By Katrina Schwartz
More schools are working to change school culture through programs aimed at improving the social and emotional skills of students. The lessons directly teach young people how to interact with one another in positive ways, deal with anger, and solve problems, and new studies show they improve academic performance, too. As more schools try this approach, researchers have begun paying closer attention to the effects of social and emotional learning on behavior and academic achievement.
That research is showing that social and emotional learning (SEL) is crucial to mitigating the social problems that inherently exist in schools and detract from learning. These programs are much more than an anti-bullying strategy – they teach life skills.
To that end, the Collaborative for Academic, Social and Emotional Learning – better known as CASEL – has spearheaded the effort to evaluate and measure the positive effects of social and emotional learning programs. The organization is releasing a new report that updates the guide released 10 years ago, when this movement was in its infancy.
The 2013 CASEL Guide: Effective Social and Emotional Learning Programs reflects increased rigor in evaluation of programs and draws from the more than 200 studies on SEL learning that have been published in Child Development. CASEL has also designated 23 programs as SELect because they are well-designed for classroom-based instruction, include training and other implementation support for teachers, and are evidence-based. Many of the programs that received the SELect designation went through randomized control trials, while others were evaluated, but only in what the report calls a “quasi-experimental” manner, meaning conditions were assigned to groups in a non-random way.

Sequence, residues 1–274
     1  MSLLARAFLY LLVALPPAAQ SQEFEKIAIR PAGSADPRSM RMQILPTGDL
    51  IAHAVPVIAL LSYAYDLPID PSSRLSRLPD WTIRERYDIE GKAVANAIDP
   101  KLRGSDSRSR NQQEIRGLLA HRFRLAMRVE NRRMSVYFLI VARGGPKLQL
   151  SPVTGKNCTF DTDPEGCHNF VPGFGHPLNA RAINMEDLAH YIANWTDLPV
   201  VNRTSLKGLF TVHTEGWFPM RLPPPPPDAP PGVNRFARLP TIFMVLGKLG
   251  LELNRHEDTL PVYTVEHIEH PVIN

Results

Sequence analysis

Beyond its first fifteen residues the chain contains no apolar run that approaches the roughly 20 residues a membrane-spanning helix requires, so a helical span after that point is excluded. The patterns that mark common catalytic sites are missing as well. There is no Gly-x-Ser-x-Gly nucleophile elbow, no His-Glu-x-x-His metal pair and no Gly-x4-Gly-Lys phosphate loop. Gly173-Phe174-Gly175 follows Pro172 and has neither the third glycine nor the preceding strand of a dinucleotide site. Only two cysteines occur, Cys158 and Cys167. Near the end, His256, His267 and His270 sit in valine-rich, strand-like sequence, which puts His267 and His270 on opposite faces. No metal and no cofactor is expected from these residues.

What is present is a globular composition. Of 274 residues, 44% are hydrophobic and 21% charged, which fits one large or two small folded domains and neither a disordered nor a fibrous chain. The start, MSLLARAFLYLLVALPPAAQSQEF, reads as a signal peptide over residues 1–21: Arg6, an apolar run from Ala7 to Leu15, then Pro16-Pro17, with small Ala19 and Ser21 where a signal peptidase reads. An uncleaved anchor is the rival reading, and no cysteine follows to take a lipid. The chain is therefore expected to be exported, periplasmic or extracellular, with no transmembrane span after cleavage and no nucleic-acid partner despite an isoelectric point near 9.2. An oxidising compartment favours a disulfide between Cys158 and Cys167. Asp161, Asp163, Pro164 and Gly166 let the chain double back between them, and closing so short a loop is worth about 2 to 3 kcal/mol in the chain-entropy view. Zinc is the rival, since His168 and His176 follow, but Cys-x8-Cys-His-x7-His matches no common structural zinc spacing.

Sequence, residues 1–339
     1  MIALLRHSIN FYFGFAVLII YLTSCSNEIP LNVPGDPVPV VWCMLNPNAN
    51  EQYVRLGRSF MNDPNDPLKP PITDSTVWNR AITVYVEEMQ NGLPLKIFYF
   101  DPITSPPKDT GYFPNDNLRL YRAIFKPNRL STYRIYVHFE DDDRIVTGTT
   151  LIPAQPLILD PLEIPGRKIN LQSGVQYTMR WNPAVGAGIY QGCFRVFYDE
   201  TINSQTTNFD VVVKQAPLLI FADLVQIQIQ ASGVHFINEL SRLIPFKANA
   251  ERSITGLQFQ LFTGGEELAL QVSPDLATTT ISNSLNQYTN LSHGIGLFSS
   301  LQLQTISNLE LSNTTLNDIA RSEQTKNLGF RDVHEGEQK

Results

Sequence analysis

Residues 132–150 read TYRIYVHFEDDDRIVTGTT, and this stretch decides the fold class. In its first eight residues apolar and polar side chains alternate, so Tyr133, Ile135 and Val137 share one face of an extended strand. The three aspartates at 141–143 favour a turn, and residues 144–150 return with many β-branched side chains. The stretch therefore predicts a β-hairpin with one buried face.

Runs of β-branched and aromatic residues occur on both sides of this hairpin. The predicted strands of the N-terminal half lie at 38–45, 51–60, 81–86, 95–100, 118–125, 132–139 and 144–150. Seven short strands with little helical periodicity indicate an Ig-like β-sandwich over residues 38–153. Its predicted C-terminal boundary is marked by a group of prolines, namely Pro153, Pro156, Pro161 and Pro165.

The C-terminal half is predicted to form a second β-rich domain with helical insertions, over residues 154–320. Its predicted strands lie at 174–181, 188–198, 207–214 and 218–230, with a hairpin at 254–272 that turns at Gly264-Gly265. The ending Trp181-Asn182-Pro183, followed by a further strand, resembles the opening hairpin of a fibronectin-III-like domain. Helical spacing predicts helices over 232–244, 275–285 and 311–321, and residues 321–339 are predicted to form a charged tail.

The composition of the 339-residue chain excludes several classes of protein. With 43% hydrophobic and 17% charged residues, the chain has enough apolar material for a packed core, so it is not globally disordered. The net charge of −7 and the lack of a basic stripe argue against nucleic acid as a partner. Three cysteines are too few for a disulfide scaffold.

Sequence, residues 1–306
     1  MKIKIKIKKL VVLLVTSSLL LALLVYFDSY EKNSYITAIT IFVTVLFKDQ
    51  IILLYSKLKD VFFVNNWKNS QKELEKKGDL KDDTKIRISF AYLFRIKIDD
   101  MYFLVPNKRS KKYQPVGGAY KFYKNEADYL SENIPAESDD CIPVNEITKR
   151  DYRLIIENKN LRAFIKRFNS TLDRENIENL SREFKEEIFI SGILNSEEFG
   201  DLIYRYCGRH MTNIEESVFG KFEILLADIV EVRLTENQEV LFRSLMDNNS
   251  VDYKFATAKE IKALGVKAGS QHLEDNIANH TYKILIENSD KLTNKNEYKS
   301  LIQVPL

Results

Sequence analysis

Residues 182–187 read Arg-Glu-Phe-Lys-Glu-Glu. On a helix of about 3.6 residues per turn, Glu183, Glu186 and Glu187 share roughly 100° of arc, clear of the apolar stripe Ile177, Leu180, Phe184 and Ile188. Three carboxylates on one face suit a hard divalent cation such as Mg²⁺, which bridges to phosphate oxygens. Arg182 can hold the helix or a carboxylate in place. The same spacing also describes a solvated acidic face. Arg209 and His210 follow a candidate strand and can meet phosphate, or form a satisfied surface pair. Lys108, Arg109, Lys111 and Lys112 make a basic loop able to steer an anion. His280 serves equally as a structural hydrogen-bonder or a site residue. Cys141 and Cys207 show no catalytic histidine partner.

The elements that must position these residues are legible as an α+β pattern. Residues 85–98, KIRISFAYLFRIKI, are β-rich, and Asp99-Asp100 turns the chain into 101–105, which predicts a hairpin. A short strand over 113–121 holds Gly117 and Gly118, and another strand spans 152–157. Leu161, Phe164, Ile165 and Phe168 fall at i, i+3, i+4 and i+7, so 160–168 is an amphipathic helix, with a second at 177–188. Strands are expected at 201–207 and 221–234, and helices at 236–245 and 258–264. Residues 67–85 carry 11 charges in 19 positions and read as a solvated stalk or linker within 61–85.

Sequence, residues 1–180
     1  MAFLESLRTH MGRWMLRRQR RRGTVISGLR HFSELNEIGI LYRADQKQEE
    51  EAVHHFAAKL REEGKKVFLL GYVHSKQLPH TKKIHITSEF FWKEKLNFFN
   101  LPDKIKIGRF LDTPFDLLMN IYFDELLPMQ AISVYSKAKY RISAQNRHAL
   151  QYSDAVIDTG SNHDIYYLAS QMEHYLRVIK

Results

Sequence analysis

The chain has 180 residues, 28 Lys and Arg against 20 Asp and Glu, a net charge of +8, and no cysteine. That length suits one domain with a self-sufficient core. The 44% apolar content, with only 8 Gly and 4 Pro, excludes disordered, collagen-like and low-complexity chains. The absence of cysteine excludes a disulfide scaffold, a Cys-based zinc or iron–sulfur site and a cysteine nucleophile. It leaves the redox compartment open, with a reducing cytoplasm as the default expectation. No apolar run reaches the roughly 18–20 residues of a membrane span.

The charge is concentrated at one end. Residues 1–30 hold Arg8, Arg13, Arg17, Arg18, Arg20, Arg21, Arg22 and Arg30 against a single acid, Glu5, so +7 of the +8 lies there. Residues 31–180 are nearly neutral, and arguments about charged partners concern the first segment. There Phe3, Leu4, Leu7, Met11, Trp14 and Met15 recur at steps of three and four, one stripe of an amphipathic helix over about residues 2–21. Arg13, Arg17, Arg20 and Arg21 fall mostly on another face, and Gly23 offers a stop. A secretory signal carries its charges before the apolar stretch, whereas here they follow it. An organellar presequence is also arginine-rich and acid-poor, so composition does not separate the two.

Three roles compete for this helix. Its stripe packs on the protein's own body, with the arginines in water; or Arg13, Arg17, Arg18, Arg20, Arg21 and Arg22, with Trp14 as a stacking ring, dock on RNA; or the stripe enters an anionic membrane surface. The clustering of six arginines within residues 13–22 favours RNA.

"Social and emotional learning involves the processes through which children and adults acquire and effectively apply the knowledge, attitudes, and skills necessary to understand and manage emotions, set and achieve positive goals, feel and show empathy for others, establish and maintain positive relationships, and make responsible decisions,” the report states.